•   Management of DFU and Therapeutic Approaches Top


    Foot complications are reported to be one of the most expensive complications in diabetic patients.[22] The main processes of managing these ulcers are local wound care (surgical debridement), wound dressings, wound off-loading, treatment of active infection, vascular assessment, and glycemic control.[23]Wound debridement involves removal of the necrotic tissues as well as the surrounding callus. A wide range of dressing type is available for DFUs that manage excessive wound exudates. A vital part of wound care is relieving the plantar pressure and shear stress from a DFU. It promotes healing and prevents recurrence. Off-loading can be achieved by many mechanisms, including shoe modifications, boots, and orthotic walkers.[24] The IDSA guidelines for treating an active infection mentions about biopsy of a deep tissue culture prior to antibiotic therapy. IDSA recommends 1- to 2-week antibiotic course for mild infections and 2–3 weeks for moderate to severe infections.[25] 40% of patients with DFUs are reported with the occurrence of PAD. Patients who have comorbid DFUs and PAD have slower healing, higher major amputation rates, and higher mortality rates.[26] It is widely recommended that blood glucose be optimized to improve wound healing and limit adverse effects on cellular immunity and infection.[24] There are several observational studies stating positive correlations of glycemic control with wound healing.[27]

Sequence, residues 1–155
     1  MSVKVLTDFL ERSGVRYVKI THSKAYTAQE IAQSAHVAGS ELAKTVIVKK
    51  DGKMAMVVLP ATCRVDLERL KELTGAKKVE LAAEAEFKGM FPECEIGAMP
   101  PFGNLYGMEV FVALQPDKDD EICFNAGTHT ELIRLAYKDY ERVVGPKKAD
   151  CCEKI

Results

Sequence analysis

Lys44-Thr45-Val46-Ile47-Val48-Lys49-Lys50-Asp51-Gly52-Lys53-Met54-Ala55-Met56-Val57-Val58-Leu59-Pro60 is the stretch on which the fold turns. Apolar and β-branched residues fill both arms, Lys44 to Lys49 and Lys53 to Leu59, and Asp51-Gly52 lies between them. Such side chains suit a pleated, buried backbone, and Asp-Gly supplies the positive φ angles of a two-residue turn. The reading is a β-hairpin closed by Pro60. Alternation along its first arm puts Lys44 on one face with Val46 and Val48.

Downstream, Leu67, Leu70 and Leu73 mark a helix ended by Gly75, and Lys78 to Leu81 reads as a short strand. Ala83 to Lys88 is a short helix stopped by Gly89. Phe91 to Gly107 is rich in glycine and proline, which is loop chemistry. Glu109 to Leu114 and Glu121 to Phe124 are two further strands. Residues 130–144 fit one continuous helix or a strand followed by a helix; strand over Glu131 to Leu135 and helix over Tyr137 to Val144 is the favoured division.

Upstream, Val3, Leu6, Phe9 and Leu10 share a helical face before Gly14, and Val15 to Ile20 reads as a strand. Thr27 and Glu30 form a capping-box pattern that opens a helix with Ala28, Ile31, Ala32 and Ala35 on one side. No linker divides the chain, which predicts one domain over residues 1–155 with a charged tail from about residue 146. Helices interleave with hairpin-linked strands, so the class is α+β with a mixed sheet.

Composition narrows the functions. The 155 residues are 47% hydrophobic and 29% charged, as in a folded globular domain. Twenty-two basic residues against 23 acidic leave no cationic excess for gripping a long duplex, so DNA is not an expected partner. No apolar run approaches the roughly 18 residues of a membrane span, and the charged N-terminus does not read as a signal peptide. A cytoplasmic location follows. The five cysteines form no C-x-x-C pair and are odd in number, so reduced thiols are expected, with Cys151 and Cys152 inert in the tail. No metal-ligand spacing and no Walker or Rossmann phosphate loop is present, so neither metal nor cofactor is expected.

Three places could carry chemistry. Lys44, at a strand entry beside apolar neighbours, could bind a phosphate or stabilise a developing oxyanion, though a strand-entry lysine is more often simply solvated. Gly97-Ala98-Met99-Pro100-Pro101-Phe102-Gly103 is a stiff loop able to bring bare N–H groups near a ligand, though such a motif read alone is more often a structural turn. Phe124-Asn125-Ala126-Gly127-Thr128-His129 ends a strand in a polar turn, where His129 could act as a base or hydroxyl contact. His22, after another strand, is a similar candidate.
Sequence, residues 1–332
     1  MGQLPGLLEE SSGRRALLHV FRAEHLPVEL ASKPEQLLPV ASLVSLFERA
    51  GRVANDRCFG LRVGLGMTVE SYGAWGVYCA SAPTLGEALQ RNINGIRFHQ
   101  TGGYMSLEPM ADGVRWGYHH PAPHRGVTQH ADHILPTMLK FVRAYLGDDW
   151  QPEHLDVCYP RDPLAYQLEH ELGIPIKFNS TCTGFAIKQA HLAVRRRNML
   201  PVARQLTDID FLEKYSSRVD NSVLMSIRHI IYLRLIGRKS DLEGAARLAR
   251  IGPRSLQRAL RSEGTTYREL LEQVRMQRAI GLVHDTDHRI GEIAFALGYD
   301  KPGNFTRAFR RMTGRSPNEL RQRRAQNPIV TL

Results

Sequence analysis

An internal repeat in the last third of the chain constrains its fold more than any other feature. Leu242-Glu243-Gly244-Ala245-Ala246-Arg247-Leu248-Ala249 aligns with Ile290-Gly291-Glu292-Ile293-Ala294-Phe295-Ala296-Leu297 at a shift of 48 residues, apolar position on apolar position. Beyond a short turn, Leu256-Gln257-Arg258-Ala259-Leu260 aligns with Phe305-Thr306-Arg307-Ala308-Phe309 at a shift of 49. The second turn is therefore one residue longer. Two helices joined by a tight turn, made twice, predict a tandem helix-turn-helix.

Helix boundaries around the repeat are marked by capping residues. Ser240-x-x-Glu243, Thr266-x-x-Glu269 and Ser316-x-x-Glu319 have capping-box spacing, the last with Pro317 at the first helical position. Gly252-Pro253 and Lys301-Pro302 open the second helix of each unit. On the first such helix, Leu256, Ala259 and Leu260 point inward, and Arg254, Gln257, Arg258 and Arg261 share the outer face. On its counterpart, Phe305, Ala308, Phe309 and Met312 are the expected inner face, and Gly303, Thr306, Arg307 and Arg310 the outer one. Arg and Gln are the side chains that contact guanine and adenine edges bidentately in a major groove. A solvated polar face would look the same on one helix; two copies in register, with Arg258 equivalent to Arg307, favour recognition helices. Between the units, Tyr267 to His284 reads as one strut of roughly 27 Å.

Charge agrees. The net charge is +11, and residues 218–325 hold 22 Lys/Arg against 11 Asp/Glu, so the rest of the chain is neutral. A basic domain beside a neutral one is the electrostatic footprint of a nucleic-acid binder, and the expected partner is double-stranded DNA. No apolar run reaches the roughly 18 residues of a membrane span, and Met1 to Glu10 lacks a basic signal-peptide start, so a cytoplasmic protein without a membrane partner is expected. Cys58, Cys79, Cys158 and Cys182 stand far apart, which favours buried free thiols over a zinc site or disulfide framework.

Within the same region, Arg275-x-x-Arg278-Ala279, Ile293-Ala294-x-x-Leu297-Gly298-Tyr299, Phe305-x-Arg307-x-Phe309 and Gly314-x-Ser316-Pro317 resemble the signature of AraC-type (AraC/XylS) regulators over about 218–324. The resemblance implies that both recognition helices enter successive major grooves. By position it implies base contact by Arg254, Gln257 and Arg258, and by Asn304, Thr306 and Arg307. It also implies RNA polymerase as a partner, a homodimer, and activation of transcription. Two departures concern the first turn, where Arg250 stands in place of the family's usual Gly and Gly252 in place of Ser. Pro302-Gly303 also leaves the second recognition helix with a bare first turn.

It has been seen that half of the DFUs can be prevented by effective education. Educating patients on self-management, maintaining self-hygiene, and health is considered to be the keystone in preventing DFUs.[28] They can be educated about the risk factors and importance of foot care that includes monitoring foot temperature, foot hygiene, proper footwear, and blood sugar control.[29]